Dima Tahboub, the widow of Al Jazeera correspondent Tareq Ayyoub is bringing a lawsuit against the Bush administration for her husband’s death. He was killed in April 2003 when the US military bombed the Al Jazeera offices in Baghdad. We speak with Dima Tahboub and her attorney. [includes rush transcript]
The widow of Al Jazeera correspondent Tareq Ayyoub is bringing a lawsuit against the Bush administration for her husband’s death. On April 8 2003, Ayyoub was reporting from Al Jazeera"s offices in Baghdad when he was killed by a US missile. He was the first journalist to be killed in Iraq just hours before U.S. forces seized the capital.
Yesterday, the attorney for Dima Tahboub, the widow of Tareq Ayyoub, held a press conference in Washington D.C announcing the lawsuit. The attorney, Hamdi Rifai, said the case is being launched in part because of the disclosure last year in London’s Daily Mirror that President Bush told British Prime Minister Tony Blair of his desire to bomb Al Jazeera’s headquarters in Qatar. The Mirror cited a secret memo leaked from the British government.
- Dima Tahboub, widow of killed Al Jazeera reporter Tareq Ayyoub. She joins us on the line from Manchester, England.
- Hamdi Rifai, attorney for Dima Tahboub.
AMY GOODMAN: We’re joined on the phone from Manchester, England, by Dima Tahboub, the widow of Tareq Ayyoub. We’re also joined in studio by Hamdi Rifai, the attorney for Dima. We welcome you to Democracy Now!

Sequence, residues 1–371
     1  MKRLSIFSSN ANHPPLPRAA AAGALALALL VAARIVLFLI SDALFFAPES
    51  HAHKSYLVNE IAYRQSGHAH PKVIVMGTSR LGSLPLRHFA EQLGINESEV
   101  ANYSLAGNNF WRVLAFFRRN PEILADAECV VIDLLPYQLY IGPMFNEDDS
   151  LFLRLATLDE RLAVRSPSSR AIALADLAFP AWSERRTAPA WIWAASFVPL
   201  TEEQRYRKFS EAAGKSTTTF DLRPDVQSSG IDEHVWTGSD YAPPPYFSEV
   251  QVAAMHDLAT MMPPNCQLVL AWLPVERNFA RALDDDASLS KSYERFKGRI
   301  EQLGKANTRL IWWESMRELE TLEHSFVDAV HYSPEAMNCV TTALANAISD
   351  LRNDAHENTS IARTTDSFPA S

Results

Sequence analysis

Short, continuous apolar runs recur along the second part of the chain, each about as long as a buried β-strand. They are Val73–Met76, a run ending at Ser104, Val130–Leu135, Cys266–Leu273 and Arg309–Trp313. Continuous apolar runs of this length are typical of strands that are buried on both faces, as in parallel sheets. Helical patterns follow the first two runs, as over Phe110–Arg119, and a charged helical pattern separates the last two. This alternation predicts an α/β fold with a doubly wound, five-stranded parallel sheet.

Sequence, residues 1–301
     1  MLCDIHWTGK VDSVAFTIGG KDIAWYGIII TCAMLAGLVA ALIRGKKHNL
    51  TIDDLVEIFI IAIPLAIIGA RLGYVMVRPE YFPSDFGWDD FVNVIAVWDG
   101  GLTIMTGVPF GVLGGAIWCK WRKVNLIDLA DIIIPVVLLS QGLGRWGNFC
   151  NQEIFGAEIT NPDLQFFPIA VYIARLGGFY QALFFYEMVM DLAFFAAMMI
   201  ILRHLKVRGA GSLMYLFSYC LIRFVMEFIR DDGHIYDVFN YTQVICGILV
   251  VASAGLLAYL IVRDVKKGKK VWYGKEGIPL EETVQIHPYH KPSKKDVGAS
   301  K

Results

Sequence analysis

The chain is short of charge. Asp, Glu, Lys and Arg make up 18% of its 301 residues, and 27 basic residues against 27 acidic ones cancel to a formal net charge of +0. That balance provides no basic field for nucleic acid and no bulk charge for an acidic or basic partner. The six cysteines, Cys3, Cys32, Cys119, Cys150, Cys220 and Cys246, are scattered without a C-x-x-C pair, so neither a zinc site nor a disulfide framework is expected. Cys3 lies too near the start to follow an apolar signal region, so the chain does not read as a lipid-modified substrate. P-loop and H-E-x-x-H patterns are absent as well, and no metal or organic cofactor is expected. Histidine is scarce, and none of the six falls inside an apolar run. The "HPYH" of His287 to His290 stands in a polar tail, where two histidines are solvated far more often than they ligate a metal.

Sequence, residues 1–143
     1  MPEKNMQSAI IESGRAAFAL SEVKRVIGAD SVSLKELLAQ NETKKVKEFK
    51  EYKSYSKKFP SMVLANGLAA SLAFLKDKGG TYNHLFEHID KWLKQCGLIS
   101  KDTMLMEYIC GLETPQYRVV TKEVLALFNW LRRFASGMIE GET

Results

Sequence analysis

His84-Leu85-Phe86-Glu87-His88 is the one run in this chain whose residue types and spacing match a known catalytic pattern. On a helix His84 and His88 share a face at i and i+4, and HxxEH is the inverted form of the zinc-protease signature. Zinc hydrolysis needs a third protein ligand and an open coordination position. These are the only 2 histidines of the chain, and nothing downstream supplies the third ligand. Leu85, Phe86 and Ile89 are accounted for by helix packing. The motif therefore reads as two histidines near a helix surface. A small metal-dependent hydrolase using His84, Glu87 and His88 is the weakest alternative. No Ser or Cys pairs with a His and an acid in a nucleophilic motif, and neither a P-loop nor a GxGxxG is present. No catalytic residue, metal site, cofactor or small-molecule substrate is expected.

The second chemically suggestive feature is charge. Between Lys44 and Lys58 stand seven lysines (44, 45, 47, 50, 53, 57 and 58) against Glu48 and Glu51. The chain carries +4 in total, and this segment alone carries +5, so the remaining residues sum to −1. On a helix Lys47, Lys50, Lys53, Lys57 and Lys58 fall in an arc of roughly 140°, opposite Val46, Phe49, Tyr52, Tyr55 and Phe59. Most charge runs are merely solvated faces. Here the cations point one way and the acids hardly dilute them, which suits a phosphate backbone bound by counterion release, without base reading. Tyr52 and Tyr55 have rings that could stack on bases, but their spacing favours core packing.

HAMDI RIFAI: Good morning. Thank you.
AMY GOODMAN: Can you explain the lawsuit that you’re about to file?
HAMDI RIFAI: Well, it’s become clear over time that, in fact, what occurred in 2003 was not an accident, but may have been something that was intended. And so, the reason that we’ve now filed this lawsuit is because of the revelation of that meeting between Bush and Blair, where, in fact, it was part of Bush’s plans to actually bomb Al Jazeera to keep them from reporting on what was occurring there.
AMY GOODMAN: What makes you think it was part of a plan?
HAMDI RIFAI: Well, you see the facts of it are very different from other incidents. There has been no investigation. We have also seen very contradictory statements from generals in the military, one that said this, one that said that. We have also seen — I’m not going to call it a cover-up, but an attempt to prevent disclosure of what’s really happened. So, for example, this meeting between Bush and Blair, well, there was nothing particularly secretive about it until it became known to the public that there was this meeting and that Bush had made these statements that, well, why don’t we bomb Al Jazeera? Interestingly enough, it didn’t occur on just this one occasion. It’s occurred on many occasions. So when you look at these facts all together, you can’t help but reach the conclusion that this was not just an accident. This wasn’t a smart bomb that went off three miles in the wrong direction.